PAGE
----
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The "Truth" about Social Emotional Learning Curriculum

It’s been four months since school started. Everything is pretty much the same, except for one new thing: Social Emotional Learning Lessons. Every month or so, we gather around to listen to their teachers give “the [emotional] talk.” There’s no doubt that most high school students, if not all, see this as a complete waste of time. Some people see this as busy work, or just teachers trying to fill up teaching time. Some have alluded to it being a political move, others suggesting that it cost Kennedy High School’s much-needed ACs with its price tag in the hundreds of thousands. But what is the truth? Where did this curriculum come from? And is it going to stay?

Illustrated By Lily Jiang

By Catherine Qin, Daniel Gong, and Faith Qiao

 

Lions Club:


To uncover this entire debacle, we have to start at Lions Club, the parent company of Lions Quest, the organization that developed the SEL curriculum used in our high schools. Founded in 1917 by Chicago Salesman Melvin Jones, Lions Club aims to help others and better communities around the world, no seriously that’s their mission. And that mission has now grown into the world’s largest association of service clubs, with 46,000 clubs and 1.4 million members. As a non-profit organization, Lions Club gets its funding from corporate sponsors, individuals, Lions Clubs (which are high school clubs extending from Lions Club), and local Lions (members) and spends it on different projects.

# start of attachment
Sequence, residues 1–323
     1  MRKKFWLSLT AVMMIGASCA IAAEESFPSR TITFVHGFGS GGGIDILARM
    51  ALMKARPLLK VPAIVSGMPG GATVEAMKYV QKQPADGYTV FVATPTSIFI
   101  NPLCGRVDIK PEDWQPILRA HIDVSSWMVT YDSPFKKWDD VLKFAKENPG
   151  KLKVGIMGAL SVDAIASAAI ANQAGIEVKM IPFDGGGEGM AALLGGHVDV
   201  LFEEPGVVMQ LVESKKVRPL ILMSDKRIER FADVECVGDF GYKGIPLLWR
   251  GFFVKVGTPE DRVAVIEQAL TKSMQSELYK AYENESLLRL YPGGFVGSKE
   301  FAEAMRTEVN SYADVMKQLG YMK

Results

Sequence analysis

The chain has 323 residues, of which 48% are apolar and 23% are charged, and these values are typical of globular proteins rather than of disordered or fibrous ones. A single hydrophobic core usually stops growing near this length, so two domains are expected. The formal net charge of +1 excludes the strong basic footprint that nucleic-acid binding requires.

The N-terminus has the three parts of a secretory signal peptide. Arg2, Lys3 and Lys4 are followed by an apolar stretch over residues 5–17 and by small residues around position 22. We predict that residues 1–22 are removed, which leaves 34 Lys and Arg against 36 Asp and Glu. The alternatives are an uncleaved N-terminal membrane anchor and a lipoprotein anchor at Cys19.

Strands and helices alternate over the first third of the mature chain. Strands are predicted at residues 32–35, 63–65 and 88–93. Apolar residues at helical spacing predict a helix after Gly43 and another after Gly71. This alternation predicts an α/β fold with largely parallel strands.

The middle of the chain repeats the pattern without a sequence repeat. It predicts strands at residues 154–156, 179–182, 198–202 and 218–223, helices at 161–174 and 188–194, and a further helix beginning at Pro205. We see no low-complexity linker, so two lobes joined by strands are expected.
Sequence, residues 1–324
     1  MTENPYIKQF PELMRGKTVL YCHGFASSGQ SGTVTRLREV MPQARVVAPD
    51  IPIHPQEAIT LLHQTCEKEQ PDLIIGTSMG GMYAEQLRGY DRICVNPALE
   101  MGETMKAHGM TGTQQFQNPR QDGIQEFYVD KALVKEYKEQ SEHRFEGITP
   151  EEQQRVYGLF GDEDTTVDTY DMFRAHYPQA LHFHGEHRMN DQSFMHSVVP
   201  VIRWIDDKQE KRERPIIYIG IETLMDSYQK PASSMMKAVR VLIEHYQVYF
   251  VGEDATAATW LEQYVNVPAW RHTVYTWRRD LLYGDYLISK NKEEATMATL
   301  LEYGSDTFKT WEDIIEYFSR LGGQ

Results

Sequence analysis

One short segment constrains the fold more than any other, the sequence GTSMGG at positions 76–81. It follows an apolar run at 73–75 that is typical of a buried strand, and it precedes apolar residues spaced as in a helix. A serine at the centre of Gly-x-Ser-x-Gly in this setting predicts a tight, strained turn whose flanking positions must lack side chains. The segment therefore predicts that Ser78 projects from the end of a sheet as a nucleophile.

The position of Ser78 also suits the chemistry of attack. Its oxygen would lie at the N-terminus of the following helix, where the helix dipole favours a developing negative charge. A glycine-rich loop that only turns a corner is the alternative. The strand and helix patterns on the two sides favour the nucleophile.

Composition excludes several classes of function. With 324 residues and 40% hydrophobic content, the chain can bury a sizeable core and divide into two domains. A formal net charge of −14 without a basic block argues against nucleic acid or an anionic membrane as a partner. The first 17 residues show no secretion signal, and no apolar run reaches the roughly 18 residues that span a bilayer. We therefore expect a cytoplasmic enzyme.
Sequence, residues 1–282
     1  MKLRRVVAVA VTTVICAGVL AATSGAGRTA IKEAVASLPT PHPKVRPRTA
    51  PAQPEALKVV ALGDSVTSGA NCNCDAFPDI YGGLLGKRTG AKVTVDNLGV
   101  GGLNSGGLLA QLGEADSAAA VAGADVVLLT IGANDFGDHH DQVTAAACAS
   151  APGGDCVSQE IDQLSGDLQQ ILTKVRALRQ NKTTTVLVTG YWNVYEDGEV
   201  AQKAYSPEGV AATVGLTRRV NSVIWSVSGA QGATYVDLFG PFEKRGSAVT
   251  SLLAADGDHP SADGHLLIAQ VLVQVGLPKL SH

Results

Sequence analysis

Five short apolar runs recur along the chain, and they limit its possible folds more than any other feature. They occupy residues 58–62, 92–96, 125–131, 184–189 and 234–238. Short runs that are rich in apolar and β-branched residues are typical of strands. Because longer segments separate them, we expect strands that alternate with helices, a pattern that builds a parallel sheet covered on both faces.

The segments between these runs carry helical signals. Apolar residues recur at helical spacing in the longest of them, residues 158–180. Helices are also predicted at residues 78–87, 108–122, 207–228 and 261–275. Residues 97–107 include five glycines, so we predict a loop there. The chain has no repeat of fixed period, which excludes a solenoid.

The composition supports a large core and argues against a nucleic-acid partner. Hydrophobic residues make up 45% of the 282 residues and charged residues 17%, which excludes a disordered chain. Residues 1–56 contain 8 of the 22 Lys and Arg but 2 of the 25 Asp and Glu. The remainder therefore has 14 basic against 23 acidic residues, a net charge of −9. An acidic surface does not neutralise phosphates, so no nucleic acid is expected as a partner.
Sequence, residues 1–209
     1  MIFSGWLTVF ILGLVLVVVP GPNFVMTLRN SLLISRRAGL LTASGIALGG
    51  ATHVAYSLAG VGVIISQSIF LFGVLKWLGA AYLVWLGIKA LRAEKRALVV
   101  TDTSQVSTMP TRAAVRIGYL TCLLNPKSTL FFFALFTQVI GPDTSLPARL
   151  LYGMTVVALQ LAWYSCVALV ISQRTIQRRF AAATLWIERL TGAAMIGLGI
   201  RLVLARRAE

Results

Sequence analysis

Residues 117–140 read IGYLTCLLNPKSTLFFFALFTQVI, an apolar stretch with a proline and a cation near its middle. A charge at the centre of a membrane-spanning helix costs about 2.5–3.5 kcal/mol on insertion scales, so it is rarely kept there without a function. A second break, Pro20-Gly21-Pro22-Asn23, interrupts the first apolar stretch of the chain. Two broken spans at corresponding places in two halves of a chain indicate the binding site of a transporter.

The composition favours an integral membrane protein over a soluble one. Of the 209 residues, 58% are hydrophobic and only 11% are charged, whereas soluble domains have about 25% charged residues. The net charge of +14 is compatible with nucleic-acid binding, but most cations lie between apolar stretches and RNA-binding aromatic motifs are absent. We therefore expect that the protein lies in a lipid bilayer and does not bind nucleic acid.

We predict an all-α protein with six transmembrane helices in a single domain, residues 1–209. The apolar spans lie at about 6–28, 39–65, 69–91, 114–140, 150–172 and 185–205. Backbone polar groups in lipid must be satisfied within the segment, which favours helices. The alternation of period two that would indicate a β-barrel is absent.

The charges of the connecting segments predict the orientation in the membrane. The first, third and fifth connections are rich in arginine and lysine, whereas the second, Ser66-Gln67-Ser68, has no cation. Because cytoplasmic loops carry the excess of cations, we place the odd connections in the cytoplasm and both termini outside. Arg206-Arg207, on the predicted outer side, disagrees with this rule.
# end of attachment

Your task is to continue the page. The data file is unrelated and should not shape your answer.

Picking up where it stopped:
As a service club, their projects include areas in helping the youth, improving the lives of the visually impaired, hunger, childhood cancers, and many more. With many services focusing on improving and helping the lives of people in need, Lions Club has partnerships with drug, alcohol, and tobacco prevention agencies such as the United Nations Office of Drug and Crime (UNODC), Community Anti-Drug Coalition of America (CADCA), and US State Department of International Narcotics and Law Enforcement (INL).

Great job Melvin!


In 1975, then aspirational teenager Rick Little founded another organization called the International Youth Organization, and you guessed it, they would go on to become Lions Quest after being acquired by Lions Club! Since 1975, Lions Quest has been “on a ‘quest’ to help other young people develop the skills and strength of character needed to succeed as adults.


Lions Quest’s curriculum has been recognized by and partnered with many educational programs such as the National Registry of Evidence-Based Programs and Practices (NREPP) and the California Department of Education. Experts and organizations worldwide have “recognized Lions Quest programs for their effectiveness in the areas of social and emotional learning, drug and alcohol prevention, and service learning.”


The curriculums for elementary, middle, and high school follow their evidence-based SEL curriculum that follows Cassel's Five Core Competencies: self-awareness, self-management, social awareness, relationship skills, and responsible decision-making. The overall goal and gist of each curriculum for each grade level are the same. The programs and lessons use a four-phase instructional design to help students actively participate and become curious.

This might sound all great, but looking closely at each lesson, the information is pretty basic. For example, one of the lessons for the 12th grade teaches them about self-competence and learning how to control their emotions.